Make a list of useful skills – put essentials skills at the top and fluffy stuff at the bottom. Learning to make play dough for the kids without a recipe is a good idea but learning repair your own clothing is probably more important. Chip away at that list. For me, learning to knit socks has come to the top of the list.

There are at least 8 people in my family and we live in a cold climate. Socks are essential. To stockpile enough socks for us for a couple of years might not be as useful as learning to knit socks. I have the sheep, stockpiled feece from the past 15 years, spinning wheel and knitting needles.

My food preps are squared away and my water supply is as secure as I can make it. The hours that I sit and wait for my kids to do their music lessons is used to learn to knit. Security is also at the top of my list but knitting is easier than target practice to do as I wait in the baby room in the church where my kids have choir .

Enemy #2 – others in our household

As a leader in your house, it is up to you to make sure that things run smoothly and everyone knows their role. When a group of people have lived with each other for a long time, they can usually predict how others will react in certain situations. For example, my daughter loves blueberries. I know that if I leave a bag of frozen blueberries visible in the freezer, she will likely help herself to a bowl full. This is fine if I am not trying to ration those berries so they can be a treat for all 8 people in our family.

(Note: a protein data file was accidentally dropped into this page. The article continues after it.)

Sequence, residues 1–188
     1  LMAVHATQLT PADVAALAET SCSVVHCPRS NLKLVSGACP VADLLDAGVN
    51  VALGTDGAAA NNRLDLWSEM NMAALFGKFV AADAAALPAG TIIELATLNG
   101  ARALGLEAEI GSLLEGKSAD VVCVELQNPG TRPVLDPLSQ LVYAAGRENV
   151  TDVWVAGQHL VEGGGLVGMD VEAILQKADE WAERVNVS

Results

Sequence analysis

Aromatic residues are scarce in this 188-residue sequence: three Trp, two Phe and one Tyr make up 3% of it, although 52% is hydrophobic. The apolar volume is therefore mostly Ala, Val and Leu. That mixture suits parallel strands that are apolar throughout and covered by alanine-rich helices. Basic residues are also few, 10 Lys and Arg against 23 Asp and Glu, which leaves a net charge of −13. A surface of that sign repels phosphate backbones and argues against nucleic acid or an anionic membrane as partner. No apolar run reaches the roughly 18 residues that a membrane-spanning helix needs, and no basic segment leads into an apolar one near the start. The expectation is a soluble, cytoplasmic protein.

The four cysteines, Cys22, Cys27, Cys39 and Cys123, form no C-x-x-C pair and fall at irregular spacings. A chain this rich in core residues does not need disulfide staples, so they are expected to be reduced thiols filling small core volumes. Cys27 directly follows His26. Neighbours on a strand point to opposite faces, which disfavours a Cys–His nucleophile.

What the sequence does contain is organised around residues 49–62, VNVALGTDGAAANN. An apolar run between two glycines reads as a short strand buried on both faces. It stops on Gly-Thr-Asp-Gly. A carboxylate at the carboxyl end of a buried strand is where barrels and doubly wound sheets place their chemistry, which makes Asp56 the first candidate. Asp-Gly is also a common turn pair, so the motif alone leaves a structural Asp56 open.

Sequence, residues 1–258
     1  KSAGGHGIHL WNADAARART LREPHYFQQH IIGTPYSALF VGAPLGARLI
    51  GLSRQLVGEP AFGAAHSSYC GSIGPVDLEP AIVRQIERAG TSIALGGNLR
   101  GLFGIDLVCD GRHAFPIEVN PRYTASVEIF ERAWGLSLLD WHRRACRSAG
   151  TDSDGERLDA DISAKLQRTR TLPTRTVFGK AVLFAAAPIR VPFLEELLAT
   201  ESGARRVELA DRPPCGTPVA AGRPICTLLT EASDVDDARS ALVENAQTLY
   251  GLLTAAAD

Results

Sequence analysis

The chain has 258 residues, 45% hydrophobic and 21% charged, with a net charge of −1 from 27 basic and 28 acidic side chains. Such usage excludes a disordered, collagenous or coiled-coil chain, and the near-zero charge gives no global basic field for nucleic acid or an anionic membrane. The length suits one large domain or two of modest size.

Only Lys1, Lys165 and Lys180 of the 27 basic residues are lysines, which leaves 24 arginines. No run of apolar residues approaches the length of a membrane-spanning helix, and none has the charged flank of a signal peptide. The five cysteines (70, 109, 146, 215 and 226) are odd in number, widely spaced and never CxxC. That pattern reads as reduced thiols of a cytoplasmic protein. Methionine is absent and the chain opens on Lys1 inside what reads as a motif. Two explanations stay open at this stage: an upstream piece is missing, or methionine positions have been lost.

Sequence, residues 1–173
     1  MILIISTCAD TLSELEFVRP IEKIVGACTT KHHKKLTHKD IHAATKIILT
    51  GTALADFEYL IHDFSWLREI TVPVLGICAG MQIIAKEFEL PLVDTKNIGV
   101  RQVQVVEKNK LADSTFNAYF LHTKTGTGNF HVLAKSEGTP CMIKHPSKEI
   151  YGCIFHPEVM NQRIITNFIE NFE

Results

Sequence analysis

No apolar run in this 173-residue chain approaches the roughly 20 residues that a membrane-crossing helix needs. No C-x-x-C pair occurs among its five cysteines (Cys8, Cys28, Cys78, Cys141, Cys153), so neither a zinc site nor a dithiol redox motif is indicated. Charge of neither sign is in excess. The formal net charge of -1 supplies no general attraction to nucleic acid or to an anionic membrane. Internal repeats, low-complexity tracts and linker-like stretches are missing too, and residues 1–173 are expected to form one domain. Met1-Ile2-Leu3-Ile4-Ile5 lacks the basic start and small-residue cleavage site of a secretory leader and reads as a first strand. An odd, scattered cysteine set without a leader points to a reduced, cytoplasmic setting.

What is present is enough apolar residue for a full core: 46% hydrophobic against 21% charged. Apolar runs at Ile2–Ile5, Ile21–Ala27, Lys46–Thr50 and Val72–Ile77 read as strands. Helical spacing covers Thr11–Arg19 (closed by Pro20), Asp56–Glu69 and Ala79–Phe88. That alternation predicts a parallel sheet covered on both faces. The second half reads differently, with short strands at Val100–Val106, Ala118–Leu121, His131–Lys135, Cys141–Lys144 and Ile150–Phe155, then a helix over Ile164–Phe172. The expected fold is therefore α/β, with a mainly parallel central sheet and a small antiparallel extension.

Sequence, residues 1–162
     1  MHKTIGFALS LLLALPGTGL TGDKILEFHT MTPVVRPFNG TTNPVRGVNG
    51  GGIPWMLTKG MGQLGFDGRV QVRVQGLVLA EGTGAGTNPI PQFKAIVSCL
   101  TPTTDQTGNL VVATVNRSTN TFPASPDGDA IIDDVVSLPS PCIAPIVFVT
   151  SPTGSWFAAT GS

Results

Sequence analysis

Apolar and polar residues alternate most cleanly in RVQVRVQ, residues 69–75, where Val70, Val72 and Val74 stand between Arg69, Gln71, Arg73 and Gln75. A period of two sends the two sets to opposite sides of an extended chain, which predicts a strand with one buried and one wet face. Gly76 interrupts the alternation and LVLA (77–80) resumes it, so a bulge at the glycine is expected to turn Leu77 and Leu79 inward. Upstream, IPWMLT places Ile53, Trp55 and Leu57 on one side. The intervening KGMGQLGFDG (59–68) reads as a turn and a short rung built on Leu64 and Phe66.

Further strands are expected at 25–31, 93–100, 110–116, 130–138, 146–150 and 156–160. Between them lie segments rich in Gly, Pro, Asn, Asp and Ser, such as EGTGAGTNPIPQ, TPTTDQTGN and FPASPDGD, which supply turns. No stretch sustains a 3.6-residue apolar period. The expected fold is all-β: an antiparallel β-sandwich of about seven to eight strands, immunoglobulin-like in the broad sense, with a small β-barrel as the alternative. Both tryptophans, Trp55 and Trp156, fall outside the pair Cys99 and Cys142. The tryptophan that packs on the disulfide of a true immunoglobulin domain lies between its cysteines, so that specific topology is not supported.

It is in my best interest and in the interest of everyone in the family to keep those blueberries away from her sight. Rather than risk a fight over blueberries, I take action when I can to avoid family conflict. Yes, she needs to learn self control – but if I want harmony and this behavior drives me bananas, I have to be the one to make the change to avoid the conflict. She can practice her self control on other things that don’t bother me.

The relative stranger. This is scary. I know first hand just how scary. Last year, just about this time, my niece came to live with us. I had not seen her since she was an infant and saw no reason why at age 22 she shouldn’t join us. I imagined that she could help with childcare, homeschooling and housework. In return, we would teach her about farm life, show her the sights in the area and help her upgrade her schooling and get a job. It was only a few minutes after she got off the plane that I realized that things were not going to match up to my little fantasy.

She did not like my children and was rude to them. I think when she saw stored food and supplies, she felt that they must be consumed – and so consume she did. Poured dish soap and shampoo down the sink, used at least a roll of toilet paper every day, left water running in faucets, ate and ate and ate. She was rude and demanding.

Several times the police were involved. But she was family, with obvious mental health issues – she needed help. I did my very best to get her into a mental health facility but in the end, she went back “home” to a less than ideal situation. I felt both relieved and terrible. We are supposed to take care of family but her needs were more than I could attend to.